Campus was aglow with the light of selfies being taken amongst crunchy orange leaves. UMBC students in cable-knit sweaters clutched their seasonal Starbucks treats as they browsed the information tables lining The Commons and the Quad. This Instagram-worthy sight could only have meant one thing: fall had arrived, and with it, Harvest Fest.
Every year, during Maryland’s sweater season, campus hosts yet another festival. Much like Involvement Fest, Harvest Fest featured seemingly-infinite tables full of passionate students, armed with handouts and ready to educate.
However, this festival differed from the others in its goal. The purpose was simple: educate students on how to be more eco-friendly. Each table was manned by various campus organizations committed to creating a kinder, more wholesome UMBC, from healthier contraception to locally sourced True Grit’s options.
The first stand was manned by the giggling senior Kyndal Gehlbach, an environmental studies major who was happily teaching Harvest Fest attendees about “Plarn,” or plastic yarn. Using recycled plastic bag strips, she managed to braid the underrated material into ridiculously cute yoga bracelets. Trend alert, UMBC: these eco-friendly accessories were not only super fun to make, they also looked store-bought.
Holding one end of a bracelet with her mouth, and using her hands to braid the other end, the multitasking Gehlbach began to explain her cause. “I’m an Eco Ambassador,” she said through her teeth, mid-smile, “and we’re a group of students trying to raise awareness about different sustainable efforts on campus.” Students who stopped by the table had the opportunity to sign a green pledge, promising to try to contribute to the cause’s efforts.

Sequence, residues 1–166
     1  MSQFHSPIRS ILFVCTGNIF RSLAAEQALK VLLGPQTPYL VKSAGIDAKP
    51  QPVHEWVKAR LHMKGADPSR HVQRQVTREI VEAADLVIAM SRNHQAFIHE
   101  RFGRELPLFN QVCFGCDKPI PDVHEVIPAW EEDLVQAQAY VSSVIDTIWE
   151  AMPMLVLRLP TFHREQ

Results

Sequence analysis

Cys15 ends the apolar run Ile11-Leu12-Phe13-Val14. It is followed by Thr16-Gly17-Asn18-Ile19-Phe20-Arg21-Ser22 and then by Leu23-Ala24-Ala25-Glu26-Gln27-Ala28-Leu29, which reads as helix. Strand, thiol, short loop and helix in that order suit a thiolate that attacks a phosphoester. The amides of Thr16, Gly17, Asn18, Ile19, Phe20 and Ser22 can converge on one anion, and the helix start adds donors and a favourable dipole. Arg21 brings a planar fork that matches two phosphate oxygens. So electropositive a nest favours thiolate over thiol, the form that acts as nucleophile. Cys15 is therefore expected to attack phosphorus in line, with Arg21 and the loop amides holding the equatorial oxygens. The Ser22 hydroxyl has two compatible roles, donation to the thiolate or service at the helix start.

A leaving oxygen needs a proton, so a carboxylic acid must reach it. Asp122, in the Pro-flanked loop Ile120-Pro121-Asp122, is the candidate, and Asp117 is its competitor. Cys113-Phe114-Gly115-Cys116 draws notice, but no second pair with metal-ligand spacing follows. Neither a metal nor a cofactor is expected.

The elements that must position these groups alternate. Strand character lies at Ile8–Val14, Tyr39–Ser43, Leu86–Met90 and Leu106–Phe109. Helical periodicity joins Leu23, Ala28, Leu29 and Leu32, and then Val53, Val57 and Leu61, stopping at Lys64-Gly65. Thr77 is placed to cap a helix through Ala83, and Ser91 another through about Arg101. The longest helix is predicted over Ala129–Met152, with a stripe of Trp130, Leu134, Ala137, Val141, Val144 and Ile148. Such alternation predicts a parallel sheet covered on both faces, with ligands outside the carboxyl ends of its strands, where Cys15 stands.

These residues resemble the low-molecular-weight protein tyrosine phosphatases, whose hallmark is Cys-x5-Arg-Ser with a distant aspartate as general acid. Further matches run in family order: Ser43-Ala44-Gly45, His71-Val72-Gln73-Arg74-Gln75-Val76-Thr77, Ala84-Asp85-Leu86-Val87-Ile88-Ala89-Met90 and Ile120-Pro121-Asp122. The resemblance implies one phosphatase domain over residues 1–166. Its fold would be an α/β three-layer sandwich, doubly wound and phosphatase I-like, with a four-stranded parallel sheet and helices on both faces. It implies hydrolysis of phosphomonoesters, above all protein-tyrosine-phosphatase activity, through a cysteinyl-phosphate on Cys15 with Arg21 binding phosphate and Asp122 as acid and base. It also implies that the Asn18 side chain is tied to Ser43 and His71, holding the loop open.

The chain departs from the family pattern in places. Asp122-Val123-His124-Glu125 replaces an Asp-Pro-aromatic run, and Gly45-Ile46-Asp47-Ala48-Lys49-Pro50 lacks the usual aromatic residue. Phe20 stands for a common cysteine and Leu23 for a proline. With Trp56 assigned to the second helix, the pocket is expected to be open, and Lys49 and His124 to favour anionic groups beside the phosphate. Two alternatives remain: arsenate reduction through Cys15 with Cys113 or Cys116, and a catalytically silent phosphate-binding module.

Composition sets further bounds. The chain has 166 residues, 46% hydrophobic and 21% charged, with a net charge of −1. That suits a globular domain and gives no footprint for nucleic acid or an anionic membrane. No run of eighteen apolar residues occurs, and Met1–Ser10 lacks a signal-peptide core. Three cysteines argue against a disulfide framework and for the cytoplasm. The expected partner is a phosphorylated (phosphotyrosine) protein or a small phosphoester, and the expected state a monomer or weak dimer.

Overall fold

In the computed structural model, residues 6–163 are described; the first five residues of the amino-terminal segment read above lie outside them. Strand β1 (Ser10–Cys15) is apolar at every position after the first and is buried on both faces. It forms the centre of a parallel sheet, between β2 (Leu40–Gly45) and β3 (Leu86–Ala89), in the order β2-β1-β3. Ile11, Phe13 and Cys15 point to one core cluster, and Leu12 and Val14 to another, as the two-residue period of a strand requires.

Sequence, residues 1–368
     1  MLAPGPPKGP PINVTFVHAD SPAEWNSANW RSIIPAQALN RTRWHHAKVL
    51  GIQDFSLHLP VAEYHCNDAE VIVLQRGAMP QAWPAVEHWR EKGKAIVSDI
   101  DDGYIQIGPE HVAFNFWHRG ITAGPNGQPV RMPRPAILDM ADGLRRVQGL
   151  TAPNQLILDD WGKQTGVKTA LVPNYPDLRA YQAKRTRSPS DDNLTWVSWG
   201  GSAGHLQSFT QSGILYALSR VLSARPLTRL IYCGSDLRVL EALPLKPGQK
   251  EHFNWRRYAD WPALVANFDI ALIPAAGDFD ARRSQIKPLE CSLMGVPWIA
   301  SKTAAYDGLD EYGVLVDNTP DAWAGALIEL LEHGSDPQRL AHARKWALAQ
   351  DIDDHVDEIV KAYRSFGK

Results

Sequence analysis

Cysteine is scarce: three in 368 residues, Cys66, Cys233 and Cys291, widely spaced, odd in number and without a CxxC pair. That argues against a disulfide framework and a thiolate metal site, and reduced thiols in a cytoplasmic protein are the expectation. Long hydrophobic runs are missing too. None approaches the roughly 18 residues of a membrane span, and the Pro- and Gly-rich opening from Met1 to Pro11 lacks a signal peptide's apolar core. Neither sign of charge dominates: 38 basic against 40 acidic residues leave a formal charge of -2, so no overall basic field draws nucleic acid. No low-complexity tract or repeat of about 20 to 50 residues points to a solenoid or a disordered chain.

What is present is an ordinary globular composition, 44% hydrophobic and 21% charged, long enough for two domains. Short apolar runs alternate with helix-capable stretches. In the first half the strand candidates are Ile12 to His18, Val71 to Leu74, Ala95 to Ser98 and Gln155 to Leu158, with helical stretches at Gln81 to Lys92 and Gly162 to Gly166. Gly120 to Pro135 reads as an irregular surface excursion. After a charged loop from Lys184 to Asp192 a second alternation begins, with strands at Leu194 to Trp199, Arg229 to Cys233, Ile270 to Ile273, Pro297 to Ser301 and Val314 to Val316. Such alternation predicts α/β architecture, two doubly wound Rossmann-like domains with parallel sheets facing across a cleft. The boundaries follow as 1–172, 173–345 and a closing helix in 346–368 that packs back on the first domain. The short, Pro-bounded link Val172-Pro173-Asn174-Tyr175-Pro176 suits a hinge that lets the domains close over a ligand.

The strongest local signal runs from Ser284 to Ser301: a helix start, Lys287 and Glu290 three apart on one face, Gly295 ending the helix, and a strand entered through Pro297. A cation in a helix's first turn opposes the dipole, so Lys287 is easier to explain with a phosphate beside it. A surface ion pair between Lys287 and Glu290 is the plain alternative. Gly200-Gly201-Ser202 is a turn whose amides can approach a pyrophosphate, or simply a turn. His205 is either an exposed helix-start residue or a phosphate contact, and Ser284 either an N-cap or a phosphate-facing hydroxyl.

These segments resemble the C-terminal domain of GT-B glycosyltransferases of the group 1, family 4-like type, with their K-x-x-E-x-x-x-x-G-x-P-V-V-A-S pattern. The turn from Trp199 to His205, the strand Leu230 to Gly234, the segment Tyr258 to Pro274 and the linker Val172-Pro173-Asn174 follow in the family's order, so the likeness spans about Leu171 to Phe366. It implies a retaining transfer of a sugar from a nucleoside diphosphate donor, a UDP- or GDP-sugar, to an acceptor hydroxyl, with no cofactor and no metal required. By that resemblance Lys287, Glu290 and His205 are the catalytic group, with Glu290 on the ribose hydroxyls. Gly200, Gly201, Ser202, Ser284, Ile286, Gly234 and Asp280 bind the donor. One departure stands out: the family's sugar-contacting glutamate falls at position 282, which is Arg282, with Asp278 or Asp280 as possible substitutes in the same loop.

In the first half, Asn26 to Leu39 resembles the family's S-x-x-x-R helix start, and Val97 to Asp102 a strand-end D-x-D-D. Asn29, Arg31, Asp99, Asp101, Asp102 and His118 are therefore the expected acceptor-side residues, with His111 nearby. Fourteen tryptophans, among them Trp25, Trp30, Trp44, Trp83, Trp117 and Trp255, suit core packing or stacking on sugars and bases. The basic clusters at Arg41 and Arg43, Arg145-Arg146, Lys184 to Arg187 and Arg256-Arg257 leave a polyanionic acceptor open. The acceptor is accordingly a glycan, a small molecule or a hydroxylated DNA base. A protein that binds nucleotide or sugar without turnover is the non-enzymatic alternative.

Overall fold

A few steps away sat the UMBC Community Garden group, who started out with the simple idea to help the UMBC community bring sustainable, healthy campus-grown food into the busy lives of students. Just across the room, the Student Events Board made their inevitable appearance, armed with wildly popular orange frosted Halloween cookies.
The Peer Health Education table, one of the most crowded throughout the day, boasted a wheel game, free swag and clever eco-friendly condoms. The PHE group explained how they’re committed to making all aspects of college life more economically sustainable. The condoms, made from recyclable latex, were quite the hit. “Obviously these are still single use,” stated the table’s rep, “I keep having the re-articulate that.”
Another hit of the day was the People United table, manned by senior social work major Emily Frias, the group’s representative. PU is a student organization devoted to direct action relating to anti-oppressive practice. Their poster contained not only the names of its members, but also their preferred gender pronouns. “We’re committed to amplifying community voices,” said Frias.
When asked about her position with the group, Frias smiled. “We don’t have a hierarchal leadership,” she explained, “anyone who wants to take leadership is encouraged to.” The table featured an anti-fracking petition, which was overflowing with names.
David Atlas, a freshman mathematics major and Harvest Fest attendee, said it best. “This festival was such a hit because it combined so much of what we, as a generation, are passionate about: sustainability, kindness and pumpkins.”